Trade shows. Every industry has them (case in point, The National Needlearts Association “Nashville Needlework Market”). A large percentage of our clients go to them. Whether there to attend educational sessions, entertain clients or display as exhibitors, media opportunities abound…if you know where to look and plan ahead. Trade show media (and client) relations takes a relationship, not a one-night stand. I recently attended the National Mortgage Servicing Conference & Expo in Orlando. Here are some lessons learned!
Posts Categorized: Media Relations
So why do organizations, big and small, take a similar approach to curing what ails them, be they technology, marketing or other business challenges? It’s understood that some governmental agencies and the like are bound by such an approach, but that doesn’t mean the process needs to be rigid and regimented.
Last week, I had the opportunity to spend two days at Barrett-Jackson Scottsdale. One of the world’s most prestigious luxury and classic car auction companies, Barrett-Jackson hosts major flagship events that attract hundreds of thousands of attendees from around the world. Barrett-Jackson events are also broadcasted on SPEED, allowing viewers to watch the rare and exotic vehicles cross the auction block from the comfort of their own couch.
Dizzy Gillespie famously said of his work in jazz music, “It’s taken me all my life to learn what notes not to play.” Such is the art of jazz improv, and such is the art in writing copy for marketing materials.
November 5, 2011 was a watershed moment in the financial industry. After years of consumers fleeing community banks and credit unions for Bank of America, Chase and other mega-banks, Bank Transfer Day marked the arrival of the “Bank Local” movement.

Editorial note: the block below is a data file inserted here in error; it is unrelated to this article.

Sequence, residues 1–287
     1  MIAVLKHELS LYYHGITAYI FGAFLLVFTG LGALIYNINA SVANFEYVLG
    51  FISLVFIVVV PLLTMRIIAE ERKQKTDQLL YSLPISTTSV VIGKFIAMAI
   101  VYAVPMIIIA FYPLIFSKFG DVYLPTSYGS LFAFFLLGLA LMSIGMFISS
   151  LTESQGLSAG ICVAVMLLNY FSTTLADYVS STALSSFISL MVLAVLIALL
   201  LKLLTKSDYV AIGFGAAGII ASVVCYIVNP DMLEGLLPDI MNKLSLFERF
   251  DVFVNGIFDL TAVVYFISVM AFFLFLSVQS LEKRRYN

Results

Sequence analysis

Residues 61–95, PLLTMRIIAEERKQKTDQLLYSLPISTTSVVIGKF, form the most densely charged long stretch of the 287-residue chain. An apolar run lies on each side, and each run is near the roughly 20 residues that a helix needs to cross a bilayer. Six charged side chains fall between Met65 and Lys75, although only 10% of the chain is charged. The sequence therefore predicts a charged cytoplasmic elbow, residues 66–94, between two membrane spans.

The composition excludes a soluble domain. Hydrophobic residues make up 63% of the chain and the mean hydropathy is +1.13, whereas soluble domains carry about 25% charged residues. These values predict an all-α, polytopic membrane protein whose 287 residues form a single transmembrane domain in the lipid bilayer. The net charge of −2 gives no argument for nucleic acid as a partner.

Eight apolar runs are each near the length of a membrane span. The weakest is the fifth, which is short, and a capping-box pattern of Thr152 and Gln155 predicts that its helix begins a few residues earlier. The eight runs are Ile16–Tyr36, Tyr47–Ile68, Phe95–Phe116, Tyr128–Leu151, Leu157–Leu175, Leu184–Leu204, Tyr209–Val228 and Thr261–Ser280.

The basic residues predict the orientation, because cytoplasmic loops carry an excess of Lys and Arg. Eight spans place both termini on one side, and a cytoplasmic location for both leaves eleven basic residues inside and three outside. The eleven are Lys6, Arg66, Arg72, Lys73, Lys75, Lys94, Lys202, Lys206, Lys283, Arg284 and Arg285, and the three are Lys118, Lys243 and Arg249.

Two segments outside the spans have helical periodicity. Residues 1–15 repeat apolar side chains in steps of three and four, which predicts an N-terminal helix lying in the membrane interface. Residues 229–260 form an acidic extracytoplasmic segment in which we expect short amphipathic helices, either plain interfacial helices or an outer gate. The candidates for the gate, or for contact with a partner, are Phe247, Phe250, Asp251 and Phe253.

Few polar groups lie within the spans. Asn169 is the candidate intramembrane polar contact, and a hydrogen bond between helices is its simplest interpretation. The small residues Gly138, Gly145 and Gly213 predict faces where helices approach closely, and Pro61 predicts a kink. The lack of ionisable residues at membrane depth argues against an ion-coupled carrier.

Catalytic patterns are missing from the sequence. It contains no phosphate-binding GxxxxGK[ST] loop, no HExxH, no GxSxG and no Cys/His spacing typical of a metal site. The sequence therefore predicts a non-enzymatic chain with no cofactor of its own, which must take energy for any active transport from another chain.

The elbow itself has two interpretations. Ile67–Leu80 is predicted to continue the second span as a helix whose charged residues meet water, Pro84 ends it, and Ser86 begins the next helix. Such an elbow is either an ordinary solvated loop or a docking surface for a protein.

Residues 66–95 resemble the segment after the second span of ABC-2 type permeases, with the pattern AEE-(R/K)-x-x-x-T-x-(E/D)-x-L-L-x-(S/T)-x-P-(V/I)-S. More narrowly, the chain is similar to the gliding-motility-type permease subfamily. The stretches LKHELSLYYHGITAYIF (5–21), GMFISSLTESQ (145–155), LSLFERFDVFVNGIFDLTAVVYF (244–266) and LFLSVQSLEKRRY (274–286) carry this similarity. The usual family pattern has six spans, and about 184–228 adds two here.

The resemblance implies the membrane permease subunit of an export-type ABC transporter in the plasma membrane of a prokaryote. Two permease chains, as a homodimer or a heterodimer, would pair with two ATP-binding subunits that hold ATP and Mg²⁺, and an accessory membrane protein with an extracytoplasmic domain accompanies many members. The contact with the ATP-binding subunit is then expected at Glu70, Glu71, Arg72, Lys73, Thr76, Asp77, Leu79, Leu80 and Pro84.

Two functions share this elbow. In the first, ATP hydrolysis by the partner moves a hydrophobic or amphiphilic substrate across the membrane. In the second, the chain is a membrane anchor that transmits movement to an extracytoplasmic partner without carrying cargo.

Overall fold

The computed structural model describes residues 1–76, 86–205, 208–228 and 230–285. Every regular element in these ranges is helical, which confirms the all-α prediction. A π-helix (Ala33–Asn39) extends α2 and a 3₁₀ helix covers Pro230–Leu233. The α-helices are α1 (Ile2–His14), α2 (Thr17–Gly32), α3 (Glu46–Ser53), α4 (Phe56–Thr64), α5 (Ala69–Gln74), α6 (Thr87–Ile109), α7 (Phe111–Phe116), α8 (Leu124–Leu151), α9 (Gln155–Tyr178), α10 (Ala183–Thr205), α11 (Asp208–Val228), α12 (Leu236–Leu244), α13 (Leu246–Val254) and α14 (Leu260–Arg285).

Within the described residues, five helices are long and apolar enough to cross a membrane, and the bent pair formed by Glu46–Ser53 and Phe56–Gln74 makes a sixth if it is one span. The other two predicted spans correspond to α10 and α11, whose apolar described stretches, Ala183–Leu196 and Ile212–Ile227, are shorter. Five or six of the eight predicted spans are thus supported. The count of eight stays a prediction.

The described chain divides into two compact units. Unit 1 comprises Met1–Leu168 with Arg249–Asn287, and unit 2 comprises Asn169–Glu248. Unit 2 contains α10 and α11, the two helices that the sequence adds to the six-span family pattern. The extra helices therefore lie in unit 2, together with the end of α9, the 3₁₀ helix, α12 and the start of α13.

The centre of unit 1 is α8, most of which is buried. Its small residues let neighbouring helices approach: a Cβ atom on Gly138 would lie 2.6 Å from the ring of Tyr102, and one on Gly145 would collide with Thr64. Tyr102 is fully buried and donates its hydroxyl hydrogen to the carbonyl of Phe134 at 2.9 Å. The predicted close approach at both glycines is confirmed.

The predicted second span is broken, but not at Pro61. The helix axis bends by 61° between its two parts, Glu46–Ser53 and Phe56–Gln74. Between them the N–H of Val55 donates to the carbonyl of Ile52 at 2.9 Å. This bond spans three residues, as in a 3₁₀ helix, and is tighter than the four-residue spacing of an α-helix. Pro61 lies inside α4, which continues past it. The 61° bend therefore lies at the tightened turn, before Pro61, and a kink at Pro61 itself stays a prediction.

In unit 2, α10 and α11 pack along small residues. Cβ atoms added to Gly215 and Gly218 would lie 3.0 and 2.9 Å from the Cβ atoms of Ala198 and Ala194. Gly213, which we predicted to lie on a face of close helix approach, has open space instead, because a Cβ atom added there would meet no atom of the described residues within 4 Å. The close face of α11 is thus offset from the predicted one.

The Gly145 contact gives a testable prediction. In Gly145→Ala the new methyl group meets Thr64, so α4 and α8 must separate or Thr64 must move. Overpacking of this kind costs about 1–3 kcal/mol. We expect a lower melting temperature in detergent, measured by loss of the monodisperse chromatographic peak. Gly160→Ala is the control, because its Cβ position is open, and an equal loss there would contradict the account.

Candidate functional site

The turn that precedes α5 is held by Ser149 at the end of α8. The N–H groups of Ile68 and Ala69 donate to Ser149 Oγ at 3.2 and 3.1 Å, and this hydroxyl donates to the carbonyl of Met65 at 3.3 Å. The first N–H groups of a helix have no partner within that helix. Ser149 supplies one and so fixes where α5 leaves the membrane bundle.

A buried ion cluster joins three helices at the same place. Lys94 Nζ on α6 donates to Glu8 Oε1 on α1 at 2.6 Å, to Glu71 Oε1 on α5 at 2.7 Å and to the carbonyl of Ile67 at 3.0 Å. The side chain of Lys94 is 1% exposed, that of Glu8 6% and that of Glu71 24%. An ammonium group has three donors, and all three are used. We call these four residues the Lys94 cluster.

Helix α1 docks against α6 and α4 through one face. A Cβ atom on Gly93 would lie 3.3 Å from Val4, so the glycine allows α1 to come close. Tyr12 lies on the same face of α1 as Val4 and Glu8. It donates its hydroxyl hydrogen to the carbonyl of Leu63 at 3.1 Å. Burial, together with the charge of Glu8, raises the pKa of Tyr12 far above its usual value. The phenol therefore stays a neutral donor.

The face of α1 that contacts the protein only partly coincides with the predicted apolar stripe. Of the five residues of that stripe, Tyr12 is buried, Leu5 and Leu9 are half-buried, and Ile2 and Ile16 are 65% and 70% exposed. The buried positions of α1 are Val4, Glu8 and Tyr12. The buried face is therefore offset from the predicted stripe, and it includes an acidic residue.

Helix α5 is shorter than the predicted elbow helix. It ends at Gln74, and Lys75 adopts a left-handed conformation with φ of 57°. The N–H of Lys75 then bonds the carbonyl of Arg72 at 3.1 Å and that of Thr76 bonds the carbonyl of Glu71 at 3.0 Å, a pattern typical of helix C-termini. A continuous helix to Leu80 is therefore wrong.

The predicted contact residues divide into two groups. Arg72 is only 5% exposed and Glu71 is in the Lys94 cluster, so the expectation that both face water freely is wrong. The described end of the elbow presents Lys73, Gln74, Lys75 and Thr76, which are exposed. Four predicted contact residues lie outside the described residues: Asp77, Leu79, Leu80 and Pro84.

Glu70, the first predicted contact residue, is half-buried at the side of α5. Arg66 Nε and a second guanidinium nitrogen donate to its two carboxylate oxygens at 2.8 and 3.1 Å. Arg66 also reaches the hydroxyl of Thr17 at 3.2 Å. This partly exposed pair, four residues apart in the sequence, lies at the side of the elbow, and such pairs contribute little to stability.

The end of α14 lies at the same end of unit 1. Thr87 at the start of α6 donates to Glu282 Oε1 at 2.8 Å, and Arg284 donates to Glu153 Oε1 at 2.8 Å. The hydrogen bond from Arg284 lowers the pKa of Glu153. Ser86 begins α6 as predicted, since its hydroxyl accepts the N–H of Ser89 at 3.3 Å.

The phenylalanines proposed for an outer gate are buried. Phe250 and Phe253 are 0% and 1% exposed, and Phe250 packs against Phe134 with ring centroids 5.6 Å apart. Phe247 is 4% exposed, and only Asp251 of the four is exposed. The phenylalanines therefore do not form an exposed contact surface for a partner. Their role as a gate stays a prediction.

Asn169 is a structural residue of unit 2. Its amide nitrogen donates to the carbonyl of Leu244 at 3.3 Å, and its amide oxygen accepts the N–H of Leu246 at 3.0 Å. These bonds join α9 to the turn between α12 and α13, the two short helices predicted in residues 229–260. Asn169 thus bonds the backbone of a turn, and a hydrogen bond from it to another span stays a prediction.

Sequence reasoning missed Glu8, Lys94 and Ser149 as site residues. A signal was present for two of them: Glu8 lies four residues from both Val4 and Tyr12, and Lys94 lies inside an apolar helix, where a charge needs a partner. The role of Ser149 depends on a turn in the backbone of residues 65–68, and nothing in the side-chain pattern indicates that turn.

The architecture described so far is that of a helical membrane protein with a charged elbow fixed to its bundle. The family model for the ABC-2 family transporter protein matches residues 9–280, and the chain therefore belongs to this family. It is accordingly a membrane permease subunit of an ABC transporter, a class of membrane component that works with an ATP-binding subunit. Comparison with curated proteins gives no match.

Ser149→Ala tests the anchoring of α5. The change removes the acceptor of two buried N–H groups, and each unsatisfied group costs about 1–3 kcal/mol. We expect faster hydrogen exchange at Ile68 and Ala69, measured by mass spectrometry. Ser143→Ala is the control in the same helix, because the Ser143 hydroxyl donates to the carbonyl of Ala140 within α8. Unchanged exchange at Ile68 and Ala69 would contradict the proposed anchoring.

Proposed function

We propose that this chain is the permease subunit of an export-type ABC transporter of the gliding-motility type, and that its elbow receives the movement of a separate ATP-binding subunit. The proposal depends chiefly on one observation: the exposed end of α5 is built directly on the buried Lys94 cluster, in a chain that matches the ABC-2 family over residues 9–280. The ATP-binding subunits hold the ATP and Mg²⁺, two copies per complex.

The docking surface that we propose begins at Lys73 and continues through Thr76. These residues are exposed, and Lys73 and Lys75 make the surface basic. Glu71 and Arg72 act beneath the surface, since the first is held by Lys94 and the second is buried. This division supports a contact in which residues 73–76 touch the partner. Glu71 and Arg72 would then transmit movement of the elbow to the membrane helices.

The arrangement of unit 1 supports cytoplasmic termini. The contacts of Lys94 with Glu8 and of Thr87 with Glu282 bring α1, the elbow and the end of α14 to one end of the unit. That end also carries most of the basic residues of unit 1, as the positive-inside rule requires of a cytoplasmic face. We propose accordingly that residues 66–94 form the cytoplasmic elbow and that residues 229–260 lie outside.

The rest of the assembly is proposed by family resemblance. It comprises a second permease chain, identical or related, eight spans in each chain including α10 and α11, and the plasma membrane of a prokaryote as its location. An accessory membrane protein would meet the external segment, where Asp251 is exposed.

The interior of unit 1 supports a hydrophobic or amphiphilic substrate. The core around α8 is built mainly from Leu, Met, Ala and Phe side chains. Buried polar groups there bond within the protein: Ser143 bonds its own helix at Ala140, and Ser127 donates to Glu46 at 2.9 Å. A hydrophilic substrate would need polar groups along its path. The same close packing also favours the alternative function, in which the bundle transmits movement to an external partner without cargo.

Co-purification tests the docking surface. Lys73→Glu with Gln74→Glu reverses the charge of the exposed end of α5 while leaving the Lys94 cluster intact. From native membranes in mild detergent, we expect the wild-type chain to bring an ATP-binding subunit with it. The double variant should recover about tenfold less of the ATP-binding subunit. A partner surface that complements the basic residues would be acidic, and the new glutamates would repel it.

This is a story that reaches beyond the financial sector to encapsulate the demand for local, original and unique retail and service options across all industries. The space lends itself to those who invest in their communities and are not afraid to be vocal in creating and publicizing their niches.
After young PR pros have landed the agency job they tirelessly hunted for, immersed themselves in the entry-level support role and officially launched their PR career, the next phase is something I like to call the support to strategy switch. While we were first brought on board to aid account managers in the tactical elements of the communications campaigns for their clients, we have now proved ourselves enough to take on the role as account lead.
Just like any transition, there are growing pains. Similar to the journey from college to career is the process of getting accustomed to managing client accounts. It’s time to take it up a notch. So what can you do to make the move to management as efficient and accelerated as possible? Here are a few things I’ve learned through my experience: